One of the most beautiful and most representative objects from the Austro-Hungarian period in Bosnia and Herzegovina is the Sarajevo City Hall. It is the most luxurious building built in Sarajevo during the Austro-Hungarian occupation and represents a kind of world symbol of the encounter of civilizations, and it is one of the most photographed cultural and historical buildings in the capital of Bosnia and Herzegovina.
It was built at the end of the 19th century, and it was originally used as the seat of the City Administration. In addition to the city administration, the District Court of Sarajevo and the Bosnian Parliament were later placed in the City Hall, after which the City Hall became the City Library, that is, the National and University Library of Bosnia and Herzegovina.
One of the most devoted architects of the time, Czech Karl Parzik, made the first project of construction in 1891 but Minister Benjamin Kalaj did not like it, and he asked for changes, to which Parzik did not agree and gave up on further work. After that, the creation of a new project was entrusted to Alexander Wittek, designer of Sebilj at Baščaršija. Kemal II Mosque served as a model for the construction of this project, which is why he went to Cairo twice.
There are interesting stories of how this project put an end to Wittek’s life. According to the urban myth, due to remarks that there is not enough light in the main hall of the building, he allegedly became mentaly ill and committed suicide. On the other hand, it is believed that he was ill and died in a hospital in Graz in 1894. The completion of his project was commissioned in 1894 to then thirty-year-old Ćiril M. Iveković. The City Administration building has been and remains his most successful project, although it is difficult to estimate his actual contribution to the final solution, since he has just worked out an existing solution.
Along with the development of the conceptual project, the construction of the building lasted. In 1894, the main construction works were completed and the building was partially put to use, and was finally completed and ceremoniously opened on April 20, 1896.
On 28 June 1914, the City Hall was at the center of the events that signaled the beginning of the First World War. Franz Ferdinand and his wife Sofia had just met with city leaders in the City Hall before being thrown to death.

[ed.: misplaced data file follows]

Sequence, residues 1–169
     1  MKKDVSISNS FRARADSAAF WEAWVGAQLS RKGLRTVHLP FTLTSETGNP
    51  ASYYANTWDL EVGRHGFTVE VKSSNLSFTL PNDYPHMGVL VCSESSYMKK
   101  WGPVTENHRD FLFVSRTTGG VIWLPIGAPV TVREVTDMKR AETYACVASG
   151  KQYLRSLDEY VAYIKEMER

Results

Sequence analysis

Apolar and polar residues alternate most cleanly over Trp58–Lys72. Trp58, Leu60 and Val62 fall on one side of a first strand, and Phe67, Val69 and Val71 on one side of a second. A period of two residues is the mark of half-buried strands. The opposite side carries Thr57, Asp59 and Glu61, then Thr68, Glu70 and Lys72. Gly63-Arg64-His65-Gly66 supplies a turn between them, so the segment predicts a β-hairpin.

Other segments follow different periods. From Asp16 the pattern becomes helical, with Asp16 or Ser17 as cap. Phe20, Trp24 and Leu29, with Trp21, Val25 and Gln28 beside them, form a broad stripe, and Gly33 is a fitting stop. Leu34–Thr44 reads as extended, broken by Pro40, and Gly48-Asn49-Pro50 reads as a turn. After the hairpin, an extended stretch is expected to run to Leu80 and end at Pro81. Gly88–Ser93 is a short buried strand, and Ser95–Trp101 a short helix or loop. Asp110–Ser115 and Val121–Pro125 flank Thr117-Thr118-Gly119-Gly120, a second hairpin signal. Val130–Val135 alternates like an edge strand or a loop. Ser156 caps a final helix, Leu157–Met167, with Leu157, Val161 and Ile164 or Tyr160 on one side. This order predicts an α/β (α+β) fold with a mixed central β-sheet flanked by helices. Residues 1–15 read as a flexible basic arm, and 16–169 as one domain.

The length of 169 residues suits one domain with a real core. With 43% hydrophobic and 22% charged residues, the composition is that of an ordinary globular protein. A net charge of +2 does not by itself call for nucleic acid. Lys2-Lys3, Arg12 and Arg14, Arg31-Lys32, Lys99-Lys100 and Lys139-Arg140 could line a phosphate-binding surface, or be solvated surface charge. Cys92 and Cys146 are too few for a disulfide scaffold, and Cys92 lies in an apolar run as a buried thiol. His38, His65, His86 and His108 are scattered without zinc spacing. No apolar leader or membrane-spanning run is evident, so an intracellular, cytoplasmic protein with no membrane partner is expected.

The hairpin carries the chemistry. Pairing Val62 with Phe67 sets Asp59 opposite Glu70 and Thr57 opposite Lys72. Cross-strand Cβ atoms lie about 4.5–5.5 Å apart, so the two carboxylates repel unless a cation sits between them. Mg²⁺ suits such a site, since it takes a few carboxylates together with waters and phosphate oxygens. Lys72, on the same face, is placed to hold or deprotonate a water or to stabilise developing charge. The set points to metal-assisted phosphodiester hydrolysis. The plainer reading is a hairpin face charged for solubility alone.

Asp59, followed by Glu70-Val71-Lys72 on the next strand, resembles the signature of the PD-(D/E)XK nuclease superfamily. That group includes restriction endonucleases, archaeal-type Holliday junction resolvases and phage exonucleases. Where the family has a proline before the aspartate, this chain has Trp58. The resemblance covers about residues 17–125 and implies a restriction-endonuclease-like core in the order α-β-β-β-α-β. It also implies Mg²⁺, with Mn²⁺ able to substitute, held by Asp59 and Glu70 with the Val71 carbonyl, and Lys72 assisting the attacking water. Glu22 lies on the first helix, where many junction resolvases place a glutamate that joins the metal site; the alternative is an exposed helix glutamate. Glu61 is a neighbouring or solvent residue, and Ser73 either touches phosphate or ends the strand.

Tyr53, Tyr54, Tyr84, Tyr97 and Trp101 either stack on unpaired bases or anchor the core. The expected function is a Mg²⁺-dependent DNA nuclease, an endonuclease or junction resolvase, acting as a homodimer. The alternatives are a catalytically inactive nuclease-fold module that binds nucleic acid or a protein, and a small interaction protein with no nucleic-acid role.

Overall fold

The City Hall was for the second time in the center of world events after being burned and destroyed in the night between August 25 and 26, 1992 by aggressive shelling. The whole building was turned into a torchlight, and about two million library units irreversibly disappeared into flames. The building of this national treasure was then a symbol of the siege and tragedy of Sarajevo.
For years, ruins of this beautiful building reminiscent of the war, and the renovated City Hall again shone with the former glory on May 9, 2014.
House of Spite
It is interesting, when it was decided that the City Hall would be built on Mustaj-pasha’s square, it was necessary to demolish two hans and one private house.
The City Hall was built at the place where Sarajevo was founded. When the Austro-Hungarian authorities decided to build the City Hall, there was a need to remove some of the buildings at that location. Among these buildings, there were two hans, and this house. The house was not at first a disturbance for construction of the City Hall, but it later became due to development of the tram traffic.
Hans were demolished, the owner of the house demanded to be payed by ducats as compensation, and that the house be transferred to the other side of the Miljacka River, opposite the Town Hall. So it was done, and because of the owners ‘spite’ houses was called House of Spite (Inat kuća), which is today a restaurant with a traditional Bosnian cuisine and has the most beautiful view of the Sarajevo City Hall.